Conservation body English Heritage has joined councillors in demanding action to save a derelict Grade II listed church in Walsall.
Mellish Road Methodist Church has stood unused for more than a decade and has major structural problems.
Repeatedly targeted by vandals and arsonists, there have long been demands for an improvement to the eyesore.
Now Walsall Council and English Heritage have called on the landowners to produce a detailed timetable of action to put the church right although they would not name the owner
Coun Adrian Andrew, deputy leader of Walsall Council, said: “The important thing to stress is that we are helping to arrange these talks with English Heritage and the landowner, but this is not our property.
“There is a clear limit to what we can do as a council, because we simply don’t own the building.
“However, we are talking about a landmark building that is in the centre of a thriving community and which is passed by thousands of people every day.
“We held a constructive meeting to plot a way forward.
“I think all parties at the meeting realise that action needs to happen, and I’m cautiously optimistic this has helped to give the issue some sense of urgency.
“The landowner has agreed to go away and come back with a timetable for action to resolve the issue by the end of the year.”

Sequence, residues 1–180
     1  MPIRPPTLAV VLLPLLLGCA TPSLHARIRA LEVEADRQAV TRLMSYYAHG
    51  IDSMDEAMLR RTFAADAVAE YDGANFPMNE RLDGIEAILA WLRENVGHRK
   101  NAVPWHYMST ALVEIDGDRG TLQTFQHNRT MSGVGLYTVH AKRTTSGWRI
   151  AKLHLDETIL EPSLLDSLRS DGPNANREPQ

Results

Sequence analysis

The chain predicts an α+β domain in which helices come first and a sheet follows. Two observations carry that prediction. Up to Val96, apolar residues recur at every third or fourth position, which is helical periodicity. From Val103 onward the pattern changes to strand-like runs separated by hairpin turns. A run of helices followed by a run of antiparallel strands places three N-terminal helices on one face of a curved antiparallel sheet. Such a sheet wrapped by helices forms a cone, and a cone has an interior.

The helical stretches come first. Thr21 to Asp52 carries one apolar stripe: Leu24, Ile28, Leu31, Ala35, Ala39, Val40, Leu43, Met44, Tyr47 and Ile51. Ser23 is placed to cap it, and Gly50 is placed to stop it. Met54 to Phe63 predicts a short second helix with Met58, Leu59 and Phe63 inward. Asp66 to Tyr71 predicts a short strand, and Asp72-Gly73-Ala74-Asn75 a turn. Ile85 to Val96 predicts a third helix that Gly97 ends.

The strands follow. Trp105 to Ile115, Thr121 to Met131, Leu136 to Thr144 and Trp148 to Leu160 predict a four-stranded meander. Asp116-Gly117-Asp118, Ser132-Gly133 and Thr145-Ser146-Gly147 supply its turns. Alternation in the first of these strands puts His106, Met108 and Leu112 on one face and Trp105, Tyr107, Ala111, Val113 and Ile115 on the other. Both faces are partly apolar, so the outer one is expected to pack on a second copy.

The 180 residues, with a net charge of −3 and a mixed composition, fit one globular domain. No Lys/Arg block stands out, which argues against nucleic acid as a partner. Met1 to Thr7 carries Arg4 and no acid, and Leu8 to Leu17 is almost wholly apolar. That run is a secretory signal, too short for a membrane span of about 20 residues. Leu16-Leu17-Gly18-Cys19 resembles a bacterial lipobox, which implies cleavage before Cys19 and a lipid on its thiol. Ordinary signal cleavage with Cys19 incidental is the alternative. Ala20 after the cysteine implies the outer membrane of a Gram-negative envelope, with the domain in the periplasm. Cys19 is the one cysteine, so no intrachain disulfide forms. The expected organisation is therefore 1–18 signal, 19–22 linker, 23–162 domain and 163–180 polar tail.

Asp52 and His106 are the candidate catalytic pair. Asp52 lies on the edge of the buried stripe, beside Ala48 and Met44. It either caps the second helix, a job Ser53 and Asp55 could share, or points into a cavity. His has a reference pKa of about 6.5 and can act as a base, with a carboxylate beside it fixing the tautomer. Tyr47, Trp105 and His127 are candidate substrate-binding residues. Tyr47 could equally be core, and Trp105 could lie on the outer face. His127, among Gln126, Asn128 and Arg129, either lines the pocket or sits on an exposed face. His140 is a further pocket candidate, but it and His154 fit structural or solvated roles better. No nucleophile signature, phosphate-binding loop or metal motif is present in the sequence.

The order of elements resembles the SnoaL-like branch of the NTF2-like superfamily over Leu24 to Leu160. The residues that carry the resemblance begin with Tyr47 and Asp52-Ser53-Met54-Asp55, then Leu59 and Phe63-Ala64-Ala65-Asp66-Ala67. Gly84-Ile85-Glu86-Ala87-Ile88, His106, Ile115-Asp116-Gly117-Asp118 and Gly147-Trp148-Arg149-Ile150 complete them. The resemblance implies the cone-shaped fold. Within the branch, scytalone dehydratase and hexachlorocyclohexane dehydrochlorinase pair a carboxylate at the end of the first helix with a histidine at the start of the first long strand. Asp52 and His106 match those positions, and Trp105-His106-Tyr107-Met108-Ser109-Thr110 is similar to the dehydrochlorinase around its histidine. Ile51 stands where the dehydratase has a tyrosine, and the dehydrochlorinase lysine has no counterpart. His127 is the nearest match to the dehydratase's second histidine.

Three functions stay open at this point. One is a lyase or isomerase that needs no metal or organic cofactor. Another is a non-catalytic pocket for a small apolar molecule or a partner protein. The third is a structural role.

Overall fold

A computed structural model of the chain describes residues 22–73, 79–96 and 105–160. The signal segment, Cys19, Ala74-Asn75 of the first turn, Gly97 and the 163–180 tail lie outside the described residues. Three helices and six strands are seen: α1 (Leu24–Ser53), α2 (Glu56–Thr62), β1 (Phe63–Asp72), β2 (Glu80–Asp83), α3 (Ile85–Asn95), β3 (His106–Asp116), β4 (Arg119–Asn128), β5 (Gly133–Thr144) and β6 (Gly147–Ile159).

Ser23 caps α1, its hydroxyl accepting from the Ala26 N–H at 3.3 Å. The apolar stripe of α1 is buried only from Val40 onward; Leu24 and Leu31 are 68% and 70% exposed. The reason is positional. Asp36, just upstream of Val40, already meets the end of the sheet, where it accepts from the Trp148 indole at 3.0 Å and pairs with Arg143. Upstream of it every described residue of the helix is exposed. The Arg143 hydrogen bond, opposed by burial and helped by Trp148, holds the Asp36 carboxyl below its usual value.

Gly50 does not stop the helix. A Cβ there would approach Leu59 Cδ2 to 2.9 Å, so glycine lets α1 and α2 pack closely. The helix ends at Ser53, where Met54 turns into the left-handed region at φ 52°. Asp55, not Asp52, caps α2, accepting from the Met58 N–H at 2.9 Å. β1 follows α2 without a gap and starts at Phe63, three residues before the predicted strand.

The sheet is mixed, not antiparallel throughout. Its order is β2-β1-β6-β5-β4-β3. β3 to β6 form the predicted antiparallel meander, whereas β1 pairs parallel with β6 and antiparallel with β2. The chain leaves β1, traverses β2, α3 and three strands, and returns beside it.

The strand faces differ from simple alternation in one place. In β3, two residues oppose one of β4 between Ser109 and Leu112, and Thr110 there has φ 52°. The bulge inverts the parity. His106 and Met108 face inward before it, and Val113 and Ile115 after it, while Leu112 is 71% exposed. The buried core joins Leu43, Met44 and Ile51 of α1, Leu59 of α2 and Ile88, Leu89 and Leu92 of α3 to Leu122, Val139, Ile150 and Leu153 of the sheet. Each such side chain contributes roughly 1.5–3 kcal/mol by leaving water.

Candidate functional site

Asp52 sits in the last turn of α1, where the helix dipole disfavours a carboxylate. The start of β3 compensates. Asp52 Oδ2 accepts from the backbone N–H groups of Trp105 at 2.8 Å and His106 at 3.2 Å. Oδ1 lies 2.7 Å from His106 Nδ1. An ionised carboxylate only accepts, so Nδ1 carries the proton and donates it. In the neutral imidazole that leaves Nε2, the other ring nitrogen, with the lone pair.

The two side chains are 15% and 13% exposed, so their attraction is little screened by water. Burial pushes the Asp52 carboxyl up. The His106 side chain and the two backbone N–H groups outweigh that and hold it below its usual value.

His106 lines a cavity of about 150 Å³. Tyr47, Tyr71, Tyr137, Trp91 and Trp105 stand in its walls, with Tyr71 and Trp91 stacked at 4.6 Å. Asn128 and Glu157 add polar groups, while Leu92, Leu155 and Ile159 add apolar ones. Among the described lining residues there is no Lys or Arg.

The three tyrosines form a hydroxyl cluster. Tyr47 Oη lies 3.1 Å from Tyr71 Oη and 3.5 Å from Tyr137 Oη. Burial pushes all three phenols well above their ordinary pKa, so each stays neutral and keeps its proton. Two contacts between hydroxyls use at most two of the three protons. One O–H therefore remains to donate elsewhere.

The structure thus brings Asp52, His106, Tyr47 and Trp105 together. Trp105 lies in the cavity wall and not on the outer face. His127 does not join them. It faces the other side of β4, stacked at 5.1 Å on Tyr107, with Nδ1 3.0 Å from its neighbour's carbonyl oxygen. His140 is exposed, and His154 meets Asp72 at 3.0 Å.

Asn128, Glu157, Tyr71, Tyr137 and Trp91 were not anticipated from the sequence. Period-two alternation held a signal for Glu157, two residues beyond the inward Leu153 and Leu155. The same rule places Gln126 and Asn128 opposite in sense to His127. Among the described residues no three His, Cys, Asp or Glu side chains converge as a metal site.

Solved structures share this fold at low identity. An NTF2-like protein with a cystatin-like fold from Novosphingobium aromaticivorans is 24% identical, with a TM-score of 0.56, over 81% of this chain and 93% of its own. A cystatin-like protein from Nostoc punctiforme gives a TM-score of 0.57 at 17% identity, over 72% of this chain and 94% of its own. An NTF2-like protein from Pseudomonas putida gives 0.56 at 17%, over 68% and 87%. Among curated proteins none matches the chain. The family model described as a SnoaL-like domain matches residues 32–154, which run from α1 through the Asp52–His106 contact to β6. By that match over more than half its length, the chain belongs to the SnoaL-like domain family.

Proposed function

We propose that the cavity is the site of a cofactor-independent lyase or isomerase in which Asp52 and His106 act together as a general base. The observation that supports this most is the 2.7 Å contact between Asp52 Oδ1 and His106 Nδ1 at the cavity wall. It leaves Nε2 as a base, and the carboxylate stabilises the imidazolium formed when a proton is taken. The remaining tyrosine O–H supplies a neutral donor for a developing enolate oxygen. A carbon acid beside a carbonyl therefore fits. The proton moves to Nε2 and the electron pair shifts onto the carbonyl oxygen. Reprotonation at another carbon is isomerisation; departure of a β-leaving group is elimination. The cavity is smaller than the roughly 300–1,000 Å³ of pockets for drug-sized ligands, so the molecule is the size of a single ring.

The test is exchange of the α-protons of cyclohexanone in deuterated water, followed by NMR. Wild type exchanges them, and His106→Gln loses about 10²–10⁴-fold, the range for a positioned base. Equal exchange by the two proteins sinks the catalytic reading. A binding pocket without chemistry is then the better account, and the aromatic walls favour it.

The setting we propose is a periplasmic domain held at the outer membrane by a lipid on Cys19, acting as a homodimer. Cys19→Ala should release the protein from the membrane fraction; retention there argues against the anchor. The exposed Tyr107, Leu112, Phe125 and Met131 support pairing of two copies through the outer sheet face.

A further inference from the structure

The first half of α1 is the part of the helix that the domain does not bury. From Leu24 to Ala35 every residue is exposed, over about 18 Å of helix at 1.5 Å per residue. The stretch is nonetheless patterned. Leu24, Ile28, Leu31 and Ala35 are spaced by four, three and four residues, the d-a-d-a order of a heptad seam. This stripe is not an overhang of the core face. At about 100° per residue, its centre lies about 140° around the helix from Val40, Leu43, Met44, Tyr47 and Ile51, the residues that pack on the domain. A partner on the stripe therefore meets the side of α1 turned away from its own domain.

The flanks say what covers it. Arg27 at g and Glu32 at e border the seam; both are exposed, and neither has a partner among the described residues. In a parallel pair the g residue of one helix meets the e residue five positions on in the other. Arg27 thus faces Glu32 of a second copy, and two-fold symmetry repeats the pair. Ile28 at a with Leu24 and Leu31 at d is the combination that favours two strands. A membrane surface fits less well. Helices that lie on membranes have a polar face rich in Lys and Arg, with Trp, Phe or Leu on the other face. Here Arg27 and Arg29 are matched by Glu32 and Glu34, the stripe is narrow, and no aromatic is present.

Alan Taylor, inspector of historic buildings at English Heritage, said: “We share the concerns of residents and councillors about the derelict state of this landmark building.
“Together with the council we have met the owners and stressed the need for an urgent resolution of its poor condition.”
Architect Ian Ritchie, of Haden Ritchie Bailey, which is acting for the owners, said: “The owners have been investigating alternative uses that would allow the retention and refurbishment of the existing building.”
The church, built in 1909, was severely damaged by fire in February 2008.
Part of the building, which is on the corner of Butts Road and Mellish Road, has already been demolished because it was unsafe.
The church has been closed for almost 20 years and is privately owned.
The authority last year started the process of making a compulsory purchase order to acquire it, but this can take a long time.